Reader Request: Color Pairing Inspiration

color pairings

Reader J had this request:

I know you’ve talked about it in the past, but I’d love some more advice on how to get inspired about new color pairings.

Mmmmm, color pairings. Even though I’ve shifted to neutrals myself, I still love a colorful, visual feast and seek out inspiration to help my clients create bold color mixes. Here are some resources and tricks that I use:

Pinterest

I hoard color-pairing inspiration on this board, but find that following a few fashion- or design-focused pinners is a great way to unearth unexpected combinations. Grown and Curvy Woman is a color fiend and has a color-focused board. The Perfect Palette pins lots of event-related groupings, but those can be repurposed for outfits, too.

Design Seeds

The subtitle of Jessica’s blog is “For all who love color.” Design Seeds offers photo-inspired palettes that can be used in home decor, outfits, graphic design projects, just about anything. Most are heavy on the dusty shades, but a few go bold. Subscribe to this blog for daily inspiration.

Scarves

I’ve mentioned this several times, but am delighted to have a chance to call it out again: Printed, multi-colored scarves are a fabulous tool for palette creation. The person who designed the scarf put a lot of thought into its colors, and you can reap the benefits by looking at the grouping and pulling out individual, solid colors. Assemble an outfit from those solids, and add the scarf to tie everything together. Or don’t – just use the palette as outfit inspiration.

Textiles, logos, and existing designs

In fact, all textiles that feature multiple colors can show you groupings you might not have thought of on your own. And although you might not want to dress in the colors on your toothpaste tube, labels and logos have also been given long and serious consideration by professional designers, so you just never know.

Color-centric blogs

Design Seeds deserved its own shout-out, but there are GOBS of blogs that focus on palettes and color pairings. Here’s a roundup from HuffPost, and another from Colour Lovers.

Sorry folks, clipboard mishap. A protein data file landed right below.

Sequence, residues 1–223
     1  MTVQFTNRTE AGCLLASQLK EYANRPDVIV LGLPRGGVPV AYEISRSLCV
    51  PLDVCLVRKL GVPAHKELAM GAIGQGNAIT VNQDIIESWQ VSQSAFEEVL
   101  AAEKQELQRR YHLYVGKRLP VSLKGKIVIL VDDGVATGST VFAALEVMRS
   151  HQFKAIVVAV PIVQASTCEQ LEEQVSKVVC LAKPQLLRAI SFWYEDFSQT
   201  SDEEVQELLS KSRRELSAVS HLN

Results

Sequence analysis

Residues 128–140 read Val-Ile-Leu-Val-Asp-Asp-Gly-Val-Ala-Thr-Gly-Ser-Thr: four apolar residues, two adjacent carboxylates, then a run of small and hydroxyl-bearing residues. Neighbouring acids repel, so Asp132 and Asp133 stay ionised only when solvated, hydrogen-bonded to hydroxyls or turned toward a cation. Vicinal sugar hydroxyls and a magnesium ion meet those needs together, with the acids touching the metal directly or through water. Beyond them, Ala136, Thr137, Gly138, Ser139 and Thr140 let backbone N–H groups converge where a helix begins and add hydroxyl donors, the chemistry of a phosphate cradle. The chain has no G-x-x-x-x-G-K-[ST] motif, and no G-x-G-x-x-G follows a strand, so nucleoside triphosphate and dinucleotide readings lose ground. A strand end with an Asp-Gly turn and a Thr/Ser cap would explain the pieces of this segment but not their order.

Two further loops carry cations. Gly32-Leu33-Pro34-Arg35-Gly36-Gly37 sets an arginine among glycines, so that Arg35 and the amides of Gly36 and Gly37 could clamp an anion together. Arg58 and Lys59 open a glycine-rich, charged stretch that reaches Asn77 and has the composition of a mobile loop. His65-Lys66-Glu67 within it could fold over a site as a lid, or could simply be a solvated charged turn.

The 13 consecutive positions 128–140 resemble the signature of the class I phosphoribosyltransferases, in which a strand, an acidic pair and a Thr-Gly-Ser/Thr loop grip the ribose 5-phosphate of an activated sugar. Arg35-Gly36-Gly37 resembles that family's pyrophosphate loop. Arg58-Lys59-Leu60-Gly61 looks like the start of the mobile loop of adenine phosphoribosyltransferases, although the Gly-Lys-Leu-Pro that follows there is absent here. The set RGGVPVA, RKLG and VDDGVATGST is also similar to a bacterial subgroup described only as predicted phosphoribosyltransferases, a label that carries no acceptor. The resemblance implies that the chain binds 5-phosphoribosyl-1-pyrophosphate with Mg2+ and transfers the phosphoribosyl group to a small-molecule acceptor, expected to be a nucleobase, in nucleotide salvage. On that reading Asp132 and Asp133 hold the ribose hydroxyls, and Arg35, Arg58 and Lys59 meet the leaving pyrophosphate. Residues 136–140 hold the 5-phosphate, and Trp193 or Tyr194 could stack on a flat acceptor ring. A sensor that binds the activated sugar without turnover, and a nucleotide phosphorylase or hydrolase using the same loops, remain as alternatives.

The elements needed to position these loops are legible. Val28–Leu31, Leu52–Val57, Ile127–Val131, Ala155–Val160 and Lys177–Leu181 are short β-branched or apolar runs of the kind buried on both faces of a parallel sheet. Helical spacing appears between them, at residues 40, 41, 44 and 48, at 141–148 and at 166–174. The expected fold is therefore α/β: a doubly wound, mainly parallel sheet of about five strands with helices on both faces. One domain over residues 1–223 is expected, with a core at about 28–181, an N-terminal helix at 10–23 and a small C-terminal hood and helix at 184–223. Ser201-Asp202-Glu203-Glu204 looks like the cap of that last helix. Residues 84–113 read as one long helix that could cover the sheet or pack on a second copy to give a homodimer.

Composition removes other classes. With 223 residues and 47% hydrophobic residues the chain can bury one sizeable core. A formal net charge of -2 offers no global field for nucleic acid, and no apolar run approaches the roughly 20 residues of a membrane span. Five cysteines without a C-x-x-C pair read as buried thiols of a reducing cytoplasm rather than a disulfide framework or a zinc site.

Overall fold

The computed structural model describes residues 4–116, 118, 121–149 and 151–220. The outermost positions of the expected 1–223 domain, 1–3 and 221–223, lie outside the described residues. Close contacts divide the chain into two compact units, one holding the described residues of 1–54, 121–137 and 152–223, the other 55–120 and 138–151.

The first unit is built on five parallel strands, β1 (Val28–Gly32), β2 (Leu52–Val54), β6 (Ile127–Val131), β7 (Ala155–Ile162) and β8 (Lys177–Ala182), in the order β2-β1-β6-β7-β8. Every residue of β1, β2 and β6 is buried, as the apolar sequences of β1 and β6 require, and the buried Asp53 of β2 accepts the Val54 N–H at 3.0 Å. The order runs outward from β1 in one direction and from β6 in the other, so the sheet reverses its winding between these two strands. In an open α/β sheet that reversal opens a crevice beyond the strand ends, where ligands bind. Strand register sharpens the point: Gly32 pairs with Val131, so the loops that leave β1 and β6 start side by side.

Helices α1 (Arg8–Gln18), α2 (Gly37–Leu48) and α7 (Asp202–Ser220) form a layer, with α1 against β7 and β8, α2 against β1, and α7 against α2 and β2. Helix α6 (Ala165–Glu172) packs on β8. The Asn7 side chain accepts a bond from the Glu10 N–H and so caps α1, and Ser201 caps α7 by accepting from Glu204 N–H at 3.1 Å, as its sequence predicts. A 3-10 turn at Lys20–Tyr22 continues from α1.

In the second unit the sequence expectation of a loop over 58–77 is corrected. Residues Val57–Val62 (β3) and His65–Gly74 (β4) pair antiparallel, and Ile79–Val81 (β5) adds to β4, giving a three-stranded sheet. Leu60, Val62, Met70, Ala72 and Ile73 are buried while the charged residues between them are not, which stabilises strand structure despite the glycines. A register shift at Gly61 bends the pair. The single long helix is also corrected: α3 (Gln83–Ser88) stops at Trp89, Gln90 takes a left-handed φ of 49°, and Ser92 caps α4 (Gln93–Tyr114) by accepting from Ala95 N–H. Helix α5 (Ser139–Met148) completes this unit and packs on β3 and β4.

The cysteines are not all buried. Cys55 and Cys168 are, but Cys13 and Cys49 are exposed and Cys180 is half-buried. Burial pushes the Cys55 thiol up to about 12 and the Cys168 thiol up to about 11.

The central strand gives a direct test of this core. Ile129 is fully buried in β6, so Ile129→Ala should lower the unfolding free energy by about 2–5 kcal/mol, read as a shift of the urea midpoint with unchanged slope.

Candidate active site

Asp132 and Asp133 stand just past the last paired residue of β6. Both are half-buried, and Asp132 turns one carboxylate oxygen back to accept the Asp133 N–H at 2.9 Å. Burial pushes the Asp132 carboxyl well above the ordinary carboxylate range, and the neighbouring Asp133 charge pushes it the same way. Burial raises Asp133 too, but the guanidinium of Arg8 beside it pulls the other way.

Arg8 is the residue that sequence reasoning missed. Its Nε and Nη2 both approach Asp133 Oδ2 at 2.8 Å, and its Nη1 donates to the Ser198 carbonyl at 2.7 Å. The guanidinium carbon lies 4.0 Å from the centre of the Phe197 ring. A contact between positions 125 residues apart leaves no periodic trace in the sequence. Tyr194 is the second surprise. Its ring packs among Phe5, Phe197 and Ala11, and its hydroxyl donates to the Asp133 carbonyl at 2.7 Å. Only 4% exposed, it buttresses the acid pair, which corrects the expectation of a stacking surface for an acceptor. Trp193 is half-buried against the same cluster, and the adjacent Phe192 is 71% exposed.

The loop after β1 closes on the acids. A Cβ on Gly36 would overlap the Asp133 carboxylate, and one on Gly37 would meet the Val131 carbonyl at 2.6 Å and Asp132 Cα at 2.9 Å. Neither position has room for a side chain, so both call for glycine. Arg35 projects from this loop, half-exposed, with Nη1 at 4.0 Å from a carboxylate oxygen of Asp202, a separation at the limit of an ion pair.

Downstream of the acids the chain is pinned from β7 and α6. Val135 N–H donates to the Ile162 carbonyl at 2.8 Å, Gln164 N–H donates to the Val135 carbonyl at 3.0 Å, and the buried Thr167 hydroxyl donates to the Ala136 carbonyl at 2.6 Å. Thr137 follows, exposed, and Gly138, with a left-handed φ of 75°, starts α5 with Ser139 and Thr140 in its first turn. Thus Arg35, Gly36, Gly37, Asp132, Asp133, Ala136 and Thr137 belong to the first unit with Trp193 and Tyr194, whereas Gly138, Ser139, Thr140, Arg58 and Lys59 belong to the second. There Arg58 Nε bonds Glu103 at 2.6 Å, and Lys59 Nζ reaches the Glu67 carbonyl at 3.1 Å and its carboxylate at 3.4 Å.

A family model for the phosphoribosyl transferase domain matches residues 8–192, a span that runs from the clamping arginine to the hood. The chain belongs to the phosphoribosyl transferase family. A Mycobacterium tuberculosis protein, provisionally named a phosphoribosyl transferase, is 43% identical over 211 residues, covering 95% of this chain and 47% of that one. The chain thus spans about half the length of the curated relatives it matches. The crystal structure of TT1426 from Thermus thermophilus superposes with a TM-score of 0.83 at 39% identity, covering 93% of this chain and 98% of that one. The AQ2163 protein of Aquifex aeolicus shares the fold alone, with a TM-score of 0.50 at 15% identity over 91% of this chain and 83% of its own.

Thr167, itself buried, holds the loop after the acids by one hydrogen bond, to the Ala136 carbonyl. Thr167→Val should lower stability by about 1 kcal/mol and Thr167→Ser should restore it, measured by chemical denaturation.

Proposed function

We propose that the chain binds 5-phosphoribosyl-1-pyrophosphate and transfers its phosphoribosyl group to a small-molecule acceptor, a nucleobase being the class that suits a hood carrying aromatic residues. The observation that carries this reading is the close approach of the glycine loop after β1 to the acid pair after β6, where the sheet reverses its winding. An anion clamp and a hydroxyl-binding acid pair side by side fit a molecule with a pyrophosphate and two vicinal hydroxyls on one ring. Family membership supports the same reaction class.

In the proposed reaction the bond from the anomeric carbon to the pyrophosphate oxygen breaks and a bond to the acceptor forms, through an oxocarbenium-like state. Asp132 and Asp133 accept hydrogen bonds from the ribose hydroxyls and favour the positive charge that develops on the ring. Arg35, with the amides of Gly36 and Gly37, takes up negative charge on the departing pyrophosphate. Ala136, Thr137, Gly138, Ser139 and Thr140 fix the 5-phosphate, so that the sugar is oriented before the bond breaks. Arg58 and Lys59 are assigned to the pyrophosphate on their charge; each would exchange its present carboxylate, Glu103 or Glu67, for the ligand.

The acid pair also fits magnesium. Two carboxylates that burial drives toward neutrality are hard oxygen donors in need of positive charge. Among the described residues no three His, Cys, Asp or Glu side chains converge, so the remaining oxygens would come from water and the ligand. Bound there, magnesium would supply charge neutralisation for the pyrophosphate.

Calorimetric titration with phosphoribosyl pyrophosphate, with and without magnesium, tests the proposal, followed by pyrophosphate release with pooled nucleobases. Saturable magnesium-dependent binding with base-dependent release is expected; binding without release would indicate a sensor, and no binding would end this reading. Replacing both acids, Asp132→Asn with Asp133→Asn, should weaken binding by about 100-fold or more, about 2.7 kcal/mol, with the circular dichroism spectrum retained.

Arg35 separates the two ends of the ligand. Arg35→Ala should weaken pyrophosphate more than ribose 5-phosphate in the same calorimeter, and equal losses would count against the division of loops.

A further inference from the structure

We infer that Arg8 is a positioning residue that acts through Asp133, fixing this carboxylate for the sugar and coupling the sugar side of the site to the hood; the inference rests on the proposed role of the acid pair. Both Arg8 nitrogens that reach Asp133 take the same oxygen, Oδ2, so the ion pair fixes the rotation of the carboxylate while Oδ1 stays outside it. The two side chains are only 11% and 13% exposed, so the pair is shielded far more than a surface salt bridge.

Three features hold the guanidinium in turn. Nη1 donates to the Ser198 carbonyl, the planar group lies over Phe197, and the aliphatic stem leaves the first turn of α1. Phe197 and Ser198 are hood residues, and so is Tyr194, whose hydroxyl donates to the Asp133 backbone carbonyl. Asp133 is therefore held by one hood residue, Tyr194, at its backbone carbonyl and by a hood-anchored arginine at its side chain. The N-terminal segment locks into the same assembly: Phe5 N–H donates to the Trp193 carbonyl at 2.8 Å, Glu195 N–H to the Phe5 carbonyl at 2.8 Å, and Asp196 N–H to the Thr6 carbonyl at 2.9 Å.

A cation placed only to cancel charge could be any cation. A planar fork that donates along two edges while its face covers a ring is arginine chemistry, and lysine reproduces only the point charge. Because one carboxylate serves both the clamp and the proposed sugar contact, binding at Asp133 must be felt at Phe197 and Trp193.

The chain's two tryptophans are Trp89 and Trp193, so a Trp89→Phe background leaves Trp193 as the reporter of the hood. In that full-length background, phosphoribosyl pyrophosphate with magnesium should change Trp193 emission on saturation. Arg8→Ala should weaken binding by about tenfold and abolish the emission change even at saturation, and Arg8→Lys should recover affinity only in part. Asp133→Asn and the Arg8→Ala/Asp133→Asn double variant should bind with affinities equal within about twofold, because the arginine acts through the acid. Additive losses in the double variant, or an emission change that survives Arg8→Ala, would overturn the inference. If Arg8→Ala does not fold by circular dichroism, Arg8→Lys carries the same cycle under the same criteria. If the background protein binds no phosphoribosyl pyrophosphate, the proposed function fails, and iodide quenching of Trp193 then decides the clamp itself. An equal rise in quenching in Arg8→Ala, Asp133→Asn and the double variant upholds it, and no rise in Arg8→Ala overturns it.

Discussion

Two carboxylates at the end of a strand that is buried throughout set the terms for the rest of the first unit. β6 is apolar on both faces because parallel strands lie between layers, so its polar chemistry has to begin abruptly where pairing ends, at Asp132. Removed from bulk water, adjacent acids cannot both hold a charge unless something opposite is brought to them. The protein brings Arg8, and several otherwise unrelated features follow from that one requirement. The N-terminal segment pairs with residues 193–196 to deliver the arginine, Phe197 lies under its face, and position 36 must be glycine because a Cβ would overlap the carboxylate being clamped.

I’d love some more suggestions! What gives you color pairing inspiration? Other resources or tips to share?

Originally posted 2015-06-23 06:11:19.

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7 Responses to “Reader Request: Color Pairing Inspiration”

  1. Wendy Mclaren

    Thank you for this — I’ve shared it with my friends! I’ve studied color theory and have long been a textile artist. I rarely put much thought any more into why I choose colors to go together, I just do it. I wear black at work (retail in a dept store), so the colors I accessorize with always “pop”. Here’s hoping more people will give color a try!

  2. wonkyone15

    I like to use Pinterest to find out how other people styled a similar item, which always includes interesting color pairings. For example, search for something specific, like “blush tulle skirt” and see how other people wear it. Very useful! I also have a folder specifically for good color pairings I happen to see while skimming, even if I don’t like the clothing itself.

  3. crtfly

    Nature! Kind of along the lines as design seeds but YOU extract the colors from a natural scene that are pleasing to you. Any flower is probably good, but I particularly like the variations and combinations on passion flowers. Google passion flowers images. You will get a huge array of passion flower closeups which clearly show interesting color combinations.

    Chris

  4. Kate Brown

    The Vivienne Files is a wonderful blog for seeing how to add colors to your wardrobe. Lots of color palettes and wardrobes built from them.

    • Cherie Czaplicki

      I second the Vivienne Files – just visit until you find your basic colors, then look at the pairings she does!

  5. Erika

    Do love a good scarf. Other sources – plants, jewellery (I’ve got a chakra lace which has multiple colours in it), animal colours (when did you last see a bird or fish whose colours looked all wrong?) and art – be it a painting, sculpture, decorated plaque or quilt.

    Looking at them in detail and with the eye unfocused – both are ways of seeing what colours there are.